The most important and most daring part of the proposal is the nationalization of the second, funded pillar for all contributors in the default option (pension fund managed by Vnesheconombank), but allowing contributors that have their 2nd pillar accounts with occupational National Pension Funds (NPFs) or with asset managers to continue using these vehicles if they choose so.
This is a huge change. As mentioned before, the Russian new pension system was based on a very important idea: that it is a role of the government to provide both more and less affluent workers with the “security through diversity”. The proposal will now provide this additional service of diversity only to most affluent and educated ones who choose another option than the default one. Most of workers, especially less affluent workers, with lower financial literacy, will be stuck with the default PAYG. Workers of companies that do not have pension benefits for their workers and other workers that do not understand the benefits of diversifying the sources of retirement income will be worse off compared to workers of big national private and state-owned companies, for example. The reason is that, currently, about 17% of the contributors have their 2nd pillar account in NPFs and asset managers, but they have about 28% of the total assets of the 2nd pillar. This means that the workers that contribute to NPFs and AMs have higher income than the average. Hence the bias.
One of the main arguments for the change seems to be the low returns of the default fund managed by VEB. It is a valid argument and anybody would agree that the selection of the investment portfolio should be improved. I would like to suggest working towards this objective rather than abolishing the pillar, by modernizing the asset management practices of the pension funds.
The proposal speaks highly of occupational pension plans, set up by employers, which are a feature of 20th century industrialization and based on the concept of working the whole life for a one employer. Moreover, I am afraid these will be defined-benefit, not defined-contributions schemes (as they usually are, worldwide), yet another step backward. The good Russian pension system deserves to be saved, not dismantled. It is based on sound principles, even though there have been many implementations difficulties, and unsustainable initiatives.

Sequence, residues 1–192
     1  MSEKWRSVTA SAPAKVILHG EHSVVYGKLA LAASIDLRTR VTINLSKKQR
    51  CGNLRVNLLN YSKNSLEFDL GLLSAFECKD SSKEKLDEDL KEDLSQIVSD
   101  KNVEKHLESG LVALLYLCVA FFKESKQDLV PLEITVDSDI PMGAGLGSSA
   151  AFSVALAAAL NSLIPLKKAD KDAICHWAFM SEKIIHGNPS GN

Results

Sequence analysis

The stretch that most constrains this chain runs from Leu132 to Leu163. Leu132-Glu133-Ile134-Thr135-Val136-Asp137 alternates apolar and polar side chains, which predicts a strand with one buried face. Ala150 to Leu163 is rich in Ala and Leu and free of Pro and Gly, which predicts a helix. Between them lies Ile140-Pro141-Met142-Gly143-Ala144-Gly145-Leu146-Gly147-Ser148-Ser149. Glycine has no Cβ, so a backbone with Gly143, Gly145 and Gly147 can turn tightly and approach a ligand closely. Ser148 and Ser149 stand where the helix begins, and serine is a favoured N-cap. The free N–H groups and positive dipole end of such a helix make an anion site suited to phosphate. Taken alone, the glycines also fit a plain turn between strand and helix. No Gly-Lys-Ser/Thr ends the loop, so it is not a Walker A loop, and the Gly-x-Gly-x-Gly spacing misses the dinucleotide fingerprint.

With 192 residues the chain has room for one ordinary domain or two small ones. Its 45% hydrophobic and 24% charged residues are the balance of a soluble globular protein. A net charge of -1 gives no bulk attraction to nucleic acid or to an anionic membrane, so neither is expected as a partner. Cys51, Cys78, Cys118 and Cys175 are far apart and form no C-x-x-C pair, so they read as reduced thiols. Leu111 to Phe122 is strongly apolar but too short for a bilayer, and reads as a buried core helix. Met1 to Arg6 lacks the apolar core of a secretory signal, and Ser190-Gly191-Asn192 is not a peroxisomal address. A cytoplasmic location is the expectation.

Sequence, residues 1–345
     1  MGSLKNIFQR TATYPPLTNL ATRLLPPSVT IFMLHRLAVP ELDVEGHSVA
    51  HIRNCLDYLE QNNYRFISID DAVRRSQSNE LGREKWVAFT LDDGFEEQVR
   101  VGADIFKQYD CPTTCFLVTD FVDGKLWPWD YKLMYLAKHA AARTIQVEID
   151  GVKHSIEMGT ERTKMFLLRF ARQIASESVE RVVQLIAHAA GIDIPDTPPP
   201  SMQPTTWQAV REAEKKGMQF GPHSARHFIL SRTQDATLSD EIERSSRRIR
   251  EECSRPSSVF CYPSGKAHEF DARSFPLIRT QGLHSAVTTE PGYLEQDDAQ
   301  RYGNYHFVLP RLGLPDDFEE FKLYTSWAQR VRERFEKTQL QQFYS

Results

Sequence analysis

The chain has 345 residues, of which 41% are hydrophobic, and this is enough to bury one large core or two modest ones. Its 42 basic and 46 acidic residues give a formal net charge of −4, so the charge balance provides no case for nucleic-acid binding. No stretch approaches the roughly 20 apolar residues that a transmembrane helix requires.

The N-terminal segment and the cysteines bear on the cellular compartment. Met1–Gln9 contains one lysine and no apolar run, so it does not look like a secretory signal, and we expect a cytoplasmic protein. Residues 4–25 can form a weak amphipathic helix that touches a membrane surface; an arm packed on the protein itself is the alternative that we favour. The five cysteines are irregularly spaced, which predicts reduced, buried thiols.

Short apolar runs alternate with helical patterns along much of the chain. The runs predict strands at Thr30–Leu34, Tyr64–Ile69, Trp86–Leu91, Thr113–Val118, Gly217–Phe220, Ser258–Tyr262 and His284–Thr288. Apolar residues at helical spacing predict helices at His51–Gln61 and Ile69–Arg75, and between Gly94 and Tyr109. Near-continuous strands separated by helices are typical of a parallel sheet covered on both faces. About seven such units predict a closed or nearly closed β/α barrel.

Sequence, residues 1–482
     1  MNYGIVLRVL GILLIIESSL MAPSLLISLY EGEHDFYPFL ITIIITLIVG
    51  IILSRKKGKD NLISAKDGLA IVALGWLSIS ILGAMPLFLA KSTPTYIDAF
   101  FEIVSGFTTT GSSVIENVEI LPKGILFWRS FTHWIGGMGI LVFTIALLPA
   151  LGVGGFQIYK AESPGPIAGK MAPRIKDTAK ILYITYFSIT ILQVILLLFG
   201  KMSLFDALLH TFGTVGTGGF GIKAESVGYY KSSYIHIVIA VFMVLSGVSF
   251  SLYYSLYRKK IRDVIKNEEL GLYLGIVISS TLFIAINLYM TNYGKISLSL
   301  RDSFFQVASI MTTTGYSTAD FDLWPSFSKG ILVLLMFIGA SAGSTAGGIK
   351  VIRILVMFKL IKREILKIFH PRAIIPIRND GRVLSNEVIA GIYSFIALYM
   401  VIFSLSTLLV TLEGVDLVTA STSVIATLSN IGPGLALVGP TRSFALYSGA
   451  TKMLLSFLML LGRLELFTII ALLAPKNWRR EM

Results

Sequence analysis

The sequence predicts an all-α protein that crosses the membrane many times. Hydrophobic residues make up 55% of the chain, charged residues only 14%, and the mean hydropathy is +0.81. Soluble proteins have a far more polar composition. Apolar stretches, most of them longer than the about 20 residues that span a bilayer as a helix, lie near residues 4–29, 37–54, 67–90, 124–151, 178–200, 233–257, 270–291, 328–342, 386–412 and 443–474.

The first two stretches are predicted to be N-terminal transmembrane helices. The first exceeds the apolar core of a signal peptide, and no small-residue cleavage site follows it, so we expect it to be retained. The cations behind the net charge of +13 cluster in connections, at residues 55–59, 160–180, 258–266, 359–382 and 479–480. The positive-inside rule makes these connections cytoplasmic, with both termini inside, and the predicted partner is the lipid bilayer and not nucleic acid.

A key element of the proposed reform package is changes in the first pillar benefit formula. It seems the proposal suggests the dismantling the NDC and return to a tweaked pre-2002 conventional defined-benefit (DB) scheme. This will be a big step backward for the reasons outlined above: transparent individual accounts, both PAYG (notional) and funded, having automatic stabilizing properties are poised to be a future of modern pension systems. However, Russia will be back to a non-transparent policy of changing coefficients, easily leading to flattening of the benefit distribution and breaking the contribution-benefit link.
There are several speculations on why personification is “not convenient”. I hear that PFRF has difficulties with accounts, referencing complaints from the NGPFs . However - while this may be true to some extent - let us remember that the PFR has issued 80m individual statements in 2011 and has been receiving close to 90% of all contribution records electronically, which is quite impressive by any means. So while there may be some operational problems it does not sound like a disastrous situation on the face of it.
To summarize, elimination of the mandatory DC contributions will produce relatively small results and will help cover only perhaps close to one-third of the current 1 trillion gap. The entire proposal will be a step back for the Russian pension system.
Finally, a very small mandatory DC pillar, if it survives at all, will be a problem as it may not make sense economically and technically (at least for those who have not been able to accumulate sizable savings so far). Administrative costs seem to remain high and are not going to come down lacking economies of scale and noting the fact that the Funds may need now to collect contributions independently. The proposal mentions turning private pension funds into commercial entities. This raises a big question of how this would affect their accumulated assets of more than 2 trillions roubles. While there is nothing wrong with the proposal generally, the practical short-term consequences could be dire.
The process also matters. It is all happening very fast. Sustainable pension systems are usually preceded by long debates (e.g. Sweden). Would it not be better to have a good 6-9 months debate before an important change is legislated? It is good that now decision has been taken to extend the discussion period till the end of the year.
By Michal Rutkowski.
The author is the Director for the Russian Federation in the World Bank and the Resident Representative in Moscow. He worked for many years on pensions, including for Polish government where as a Director of the Office for Pension Reform he was the main author of the new Polish pension system introduced in 1999.